Zurich Corporate Life & Pensions - Mobility trends: a hidden risk?
Having an internationally roaming workforce can make a company vulnerable to a host of expensive regulatory issues. Stewart Allanson, international corporate distribution manager of Zurich Corporate Life & Pensions, draws attention to the potentially steep financial risks inherent in cross-border pension schemes.
By its very nature, global mobility increases risk. Finance directors responsible for accommodating it face a host of challenges, including complex taxation, currency volatility and regulatory change, and these are now being compounded by unprecedented changes in its scale and nature.
One of the myriad - but often overlooked - headaches concerns European cross-border pension regulations, and demonstrates the increasing need for finance directors, HR teams and risk managers to work closely together on the design and implementation of overseas assignments.
Most organisations are aware of these and will be confident that they have them in hand, but a rise in the number of related enquiries suggests that things can and do go wrong, and the financial consequences can be severe.
Under EU law, a pension scheme established in one member state that has members resident in another may be deemed to be 'cross-border', and must be registered as such with the appropriate regulator in the country in which it is established.
It must also create separate, nation-specific sections that satisfy the social and labour laws of the country in which the member resides.
For example, member literature may need to be produced in the local language; benefit forecasts may have to use a specified rate of investment or earnings growth; contributions and benefits may be restricted; tax may need to be deducted from benefit payments at source; and so on.
These are potentially complex and expensive requirements, especially if only one or two members are resident overseas, but the biggest financial risk is almost certainly the requirement that cross-border defined benefit schemes must be fully funded, potentially adding many millions to a company's liabilities.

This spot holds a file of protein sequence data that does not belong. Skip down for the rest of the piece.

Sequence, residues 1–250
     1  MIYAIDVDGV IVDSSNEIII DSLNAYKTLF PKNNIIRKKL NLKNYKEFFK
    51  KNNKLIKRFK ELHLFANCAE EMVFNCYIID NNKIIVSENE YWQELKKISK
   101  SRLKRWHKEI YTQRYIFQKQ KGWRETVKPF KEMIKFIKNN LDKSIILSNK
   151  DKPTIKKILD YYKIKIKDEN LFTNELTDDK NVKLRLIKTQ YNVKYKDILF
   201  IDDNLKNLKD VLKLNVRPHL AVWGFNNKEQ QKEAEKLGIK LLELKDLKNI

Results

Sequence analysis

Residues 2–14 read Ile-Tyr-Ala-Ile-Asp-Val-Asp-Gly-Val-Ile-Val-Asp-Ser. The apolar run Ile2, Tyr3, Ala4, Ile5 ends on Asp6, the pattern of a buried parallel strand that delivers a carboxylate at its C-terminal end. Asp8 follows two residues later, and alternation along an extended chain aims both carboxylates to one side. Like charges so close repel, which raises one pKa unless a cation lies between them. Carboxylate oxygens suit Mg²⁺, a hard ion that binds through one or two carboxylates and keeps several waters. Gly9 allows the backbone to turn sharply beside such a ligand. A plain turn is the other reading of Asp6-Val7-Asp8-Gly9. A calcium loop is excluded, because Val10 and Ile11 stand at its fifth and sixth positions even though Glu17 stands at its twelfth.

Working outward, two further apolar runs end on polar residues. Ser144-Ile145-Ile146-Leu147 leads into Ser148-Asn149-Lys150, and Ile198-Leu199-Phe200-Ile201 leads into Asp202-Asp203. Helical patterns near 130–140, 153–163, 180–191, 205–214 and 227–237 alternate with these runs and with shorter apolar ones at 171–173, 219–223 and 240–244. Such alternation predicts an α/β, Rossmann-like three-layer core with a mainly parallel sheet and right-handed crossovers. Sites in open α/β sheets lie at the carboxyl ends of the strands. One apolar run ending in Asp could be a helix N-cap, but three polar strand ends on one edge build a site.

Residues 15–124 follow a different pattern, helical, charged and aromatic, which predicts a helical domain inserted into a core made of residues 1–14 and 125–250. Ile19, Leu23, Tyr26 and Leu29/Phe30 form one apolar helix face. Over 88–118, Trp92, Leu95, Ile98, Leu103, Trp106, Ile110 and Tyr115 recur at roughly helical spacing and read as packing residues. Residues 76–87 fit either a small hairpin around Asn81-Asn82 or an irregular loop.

Cross-border status for overseas members only applies to those who are employed locally, not those seconded to work abroad. The crux of the matter is whether or not the employee is on a fixed-term assignment, working on behalf of the home country employer, and with a clear intention of returning home at the end of the assignment. If so, the plan is not considered cross-border.
If there is no clearly defined period of secondment and the employee has effectively been localised, active membership of the home scheme must cease, unless of course, it has been appropriately registered and is accordance with regulations.
As the nature of overseas assignments shifts from the traditional, short or medium-term secondments to more permanent, long-term positions on local contracts, this fixed-term assignment is increasingly being missed, triggering many problems. Also, fixed-term assignments are not always regularly monitored, leading to potential oversights as assignments overrun without scheme managers and trustees realising.
It only takes a small number of employees to create a cross-border pension problem, but the financial consequences can be huge. Care and regular auditing of overseas assignments are therefore essential to good governance.
Remember that alternative solutions are available to retention in home schemes, such as establishing host country plans, or, perhaps, international pension plans, which are the traditional home of the expatriate and mobile employee.